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  7. #6  
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    i guess you could look at which parts of the brain is linked to certain functions.
    You could map each section of the brain and look at various biological and chemical factors such as neurones and conductivity. and then do certain tests like math. See if there is a link. Could be an interesting experiment.
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  8. #7  
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    The fundamentals from which one is considered intellectual can be quite controversial; it is easily debated. I personally, don't necessarily believe in the existence of "smart" or "dumb", as to me they're just mere characteristics and a way in which others will conform to their given label; if one is labeled "dumb", there's a proportionally higher change for them to develop into an individual that will avoid making "smart" decisions - as with the contrary applying to "smart" individuals. Ultimately however, we have to consider thought and not the individual; it's thoughts that communicate between ourselves, others and most significantly, the environment. Thought is ultimately a coincidence; it is the environment, and knowledge from within that impacts upon the individuals conscious decisions; if the individual is raised from within a negative environment, they're likely to commit to negative thoughts consequent to a severe negative impact upon their conscious mind, and thus, their thoughts and consciousness.

    Despite this, such characteristics can also have a drastic impact upon the individual regardless of location; personally, I speculate - and I'm unsure as to whether this is universally understood, but speculate that if intensive emotion is associated with a given desire, or negative input from the environment (I.e. Someone calling someone "dumb" or... "You're always going to be dumb; you're the worst of all humanity"), the chances are much more likely for the individual to compel to that of what had been spoken to them. Contrary to negative emotion, optimism can mitigate upon negative believe upon an individuals sense of themselves. Aside from a single peer responding negatively and being consequent to the individuals highly intensified emotional response (Negative; sadness, anger or anything as such), a group of peers or a school can also integrate this effect upon an individual.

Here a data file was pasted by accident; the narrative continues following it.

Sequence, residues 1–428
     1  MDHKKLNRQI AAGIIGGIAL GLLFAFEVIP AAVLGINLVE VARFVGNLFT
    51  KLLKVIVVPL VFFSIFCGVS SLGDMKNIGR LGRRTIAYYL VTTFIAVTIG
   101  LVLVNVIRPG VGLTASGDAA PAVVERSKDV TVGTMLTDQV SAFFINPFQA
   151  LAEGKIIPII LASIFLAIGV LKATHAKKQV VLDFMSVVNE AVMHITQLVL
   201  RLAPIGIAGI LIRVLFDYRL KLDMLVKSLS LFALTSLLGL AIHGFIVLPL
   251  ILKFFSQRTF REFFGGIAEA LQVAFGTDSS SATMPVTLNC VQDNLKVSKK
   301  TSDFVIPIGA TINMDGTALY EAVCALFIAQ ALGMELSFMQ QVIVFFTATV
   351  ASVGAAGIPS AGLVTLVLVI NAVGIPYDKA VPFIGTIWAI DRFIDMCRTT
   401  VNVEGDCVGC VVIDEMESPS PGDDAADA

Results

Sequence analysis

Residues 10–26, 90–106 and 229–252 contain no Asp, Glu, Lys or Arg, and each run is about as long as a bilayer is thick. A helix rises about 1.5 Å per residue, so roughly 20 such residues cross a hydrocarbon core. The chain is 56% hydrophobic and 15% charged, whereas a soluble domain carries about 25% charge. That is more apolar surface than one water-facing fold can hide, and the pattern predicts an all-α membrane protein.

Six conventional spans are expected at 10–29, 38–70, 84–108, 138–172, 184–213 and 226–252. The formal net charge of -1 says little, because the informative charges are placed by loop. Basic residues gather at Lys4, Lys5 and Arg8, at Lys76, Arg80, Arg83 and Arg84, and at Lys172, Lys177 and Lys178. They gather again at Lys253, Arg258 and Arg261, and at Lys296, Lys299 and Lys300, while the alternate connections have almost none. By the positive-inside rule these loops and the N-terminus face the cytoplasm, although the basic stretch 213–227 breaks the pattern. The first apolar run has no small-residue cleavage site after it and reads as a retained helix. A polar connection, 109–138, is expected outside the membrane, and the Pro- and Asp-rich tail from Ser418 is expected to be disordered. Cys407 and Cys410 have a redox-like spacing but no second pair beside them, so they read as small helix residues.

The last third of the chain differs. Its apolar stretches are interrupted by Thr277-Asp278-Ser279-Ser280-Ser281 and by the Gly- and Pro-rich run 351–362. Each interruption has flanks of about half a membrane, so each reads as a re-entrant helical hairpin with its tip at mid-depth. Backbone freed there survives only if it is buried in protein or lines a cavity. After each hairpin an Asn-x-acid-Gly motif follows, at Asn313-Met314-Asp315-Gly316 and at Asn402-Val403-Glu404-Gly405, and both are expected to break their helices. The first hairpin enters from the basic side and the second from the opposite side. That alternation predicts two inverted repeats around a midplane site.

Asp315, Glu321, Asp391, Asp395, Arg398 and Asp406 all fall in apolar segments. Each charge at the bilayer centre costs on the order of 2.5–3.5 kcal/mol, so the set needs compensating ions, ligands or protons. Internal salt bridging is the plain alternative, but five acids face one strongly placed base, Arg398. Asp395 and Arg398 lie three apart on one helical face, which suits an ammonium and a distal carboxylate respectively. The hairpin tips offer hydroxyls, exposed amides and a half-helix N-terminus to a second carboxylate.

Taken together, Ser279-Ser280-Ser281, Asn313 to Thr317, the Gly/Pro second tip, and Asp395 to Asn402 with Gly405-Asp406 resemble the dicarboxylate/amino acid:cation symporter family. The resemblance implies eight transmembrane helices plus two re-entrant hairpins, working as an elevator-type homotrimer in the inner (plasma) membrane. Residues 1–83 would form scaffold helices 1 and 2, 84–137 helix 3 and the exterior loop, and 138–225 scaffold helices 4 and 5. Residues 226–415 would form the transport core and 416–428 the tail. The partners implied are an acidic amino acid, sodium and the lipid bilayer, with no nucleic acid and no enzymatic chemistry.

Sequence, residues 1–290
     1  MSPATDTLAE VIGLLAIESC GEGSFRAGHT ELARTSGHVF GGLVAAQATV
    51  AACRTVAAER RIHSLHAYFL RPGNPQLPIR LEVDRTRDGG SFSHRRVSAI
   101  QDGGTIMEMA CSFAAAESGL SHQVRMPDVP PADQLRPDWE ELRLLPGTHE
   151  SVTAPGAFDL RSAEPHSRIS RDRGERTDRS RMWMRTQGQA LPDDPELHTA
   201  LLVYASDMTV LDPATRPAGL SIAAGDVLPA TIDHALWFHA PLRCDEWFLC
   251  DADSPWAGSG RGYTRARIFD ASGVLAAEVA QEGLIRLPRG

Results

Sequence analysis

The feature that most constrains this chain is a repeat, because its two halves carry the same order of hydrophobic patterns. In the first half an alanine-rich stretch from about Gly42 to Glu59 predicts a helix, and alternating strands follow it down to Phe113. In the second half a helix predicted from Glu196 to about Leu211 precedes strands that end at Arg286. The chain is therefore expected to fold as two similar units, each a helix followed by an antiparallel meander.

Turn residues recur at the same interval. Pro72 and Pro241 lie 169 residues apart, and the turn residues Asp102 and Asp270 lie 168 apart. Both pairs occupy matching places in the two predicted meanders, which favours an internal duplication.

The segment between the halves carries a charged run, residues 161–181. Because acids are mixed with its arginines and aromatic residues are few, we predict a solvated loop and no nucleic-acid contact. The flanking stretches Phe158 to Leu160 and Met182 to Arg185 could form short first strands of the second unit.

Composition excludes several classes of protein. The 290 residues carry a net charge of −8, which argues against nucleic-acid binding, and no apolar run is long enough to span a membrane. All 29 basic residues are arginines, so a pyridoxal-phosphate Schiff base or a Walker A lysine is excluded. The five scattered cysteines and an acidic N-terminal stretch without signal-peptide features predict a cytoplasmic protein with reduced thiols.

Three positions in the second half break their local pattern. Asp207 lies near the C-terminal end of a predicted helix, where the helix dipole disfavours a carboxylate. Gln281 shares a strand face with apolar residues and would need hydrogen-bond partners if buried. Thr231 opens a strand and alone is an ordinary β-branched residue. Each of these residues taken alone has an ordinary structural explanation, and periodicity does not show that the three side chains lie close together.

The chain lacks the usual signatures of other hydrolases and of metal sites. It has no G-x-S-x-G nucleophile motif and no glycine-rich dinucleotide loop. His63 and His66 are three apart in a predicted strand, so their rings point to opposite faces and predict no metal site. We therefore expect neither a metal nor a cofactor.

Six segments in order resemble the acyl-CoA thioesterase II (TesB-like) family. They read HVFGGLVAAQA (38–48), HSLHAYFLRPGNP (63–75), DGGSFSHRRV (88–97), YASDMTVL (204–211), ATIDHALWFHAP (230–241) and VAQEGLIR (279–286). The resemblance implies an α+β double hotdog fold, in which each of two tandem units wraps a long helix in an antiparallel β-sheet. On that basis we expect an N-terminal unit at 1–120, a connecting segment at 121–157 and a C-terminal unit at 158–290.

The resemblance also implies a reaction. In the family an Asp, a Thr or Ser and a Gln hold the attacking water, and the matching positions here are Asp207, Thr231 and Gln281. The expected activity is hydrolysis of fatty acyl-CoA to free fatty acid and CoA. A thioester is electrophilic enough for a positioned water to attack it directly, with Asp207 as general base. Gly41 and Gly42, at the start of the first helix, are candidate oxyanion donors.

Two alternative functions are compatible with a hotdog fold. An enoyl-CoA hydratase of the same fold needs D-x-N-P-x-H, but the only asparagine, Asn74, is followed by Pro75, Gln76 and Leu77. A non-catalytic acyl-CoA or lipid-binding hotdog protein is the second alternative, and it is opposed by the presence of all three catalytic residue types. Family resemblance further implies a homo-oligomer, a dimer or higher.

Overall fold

However, despite this, both primary and fundamental characteristics can also be negative, regardless of which being assigned to the individual; if an individual is viewed as "smart" and knows he/she is "smart", does this suggest that the individual is compelled towards a set path? Most importantly, we need to question as to what defines an individual as "intellectual"; is it high IQ scores? Integrity in other socially considered aspects? Or the individuals ability to develop innovative, efficient and sophisticated ideas upon reality?

    Personally, I see the assignment of such characteristics upon someone as linear; regardless as to whether one has achieved high scores throughout an IQ test, this cannot define their intelligence - it can only define their intelligence from within that aspect of cognitive ability.

    To clarify, take a look at Kim Peek; his abilities are unique and much more sophisticated to many throughout the world, but contrary to his ability and individualism, he's unable to accomplish the definition upon himself as "intellectual" as a result of having low IQ scores.

    However, in addition to this, in order to achieve the label as "intellectual", an individual is required to follow the linear path of others; in order to achieve high scores upon an IQ test, one is required to adapt to a new thought process as opposed to being consisted within their own. Considering this can introduce many negatives contrary to what IQ tests are supposed to introduce.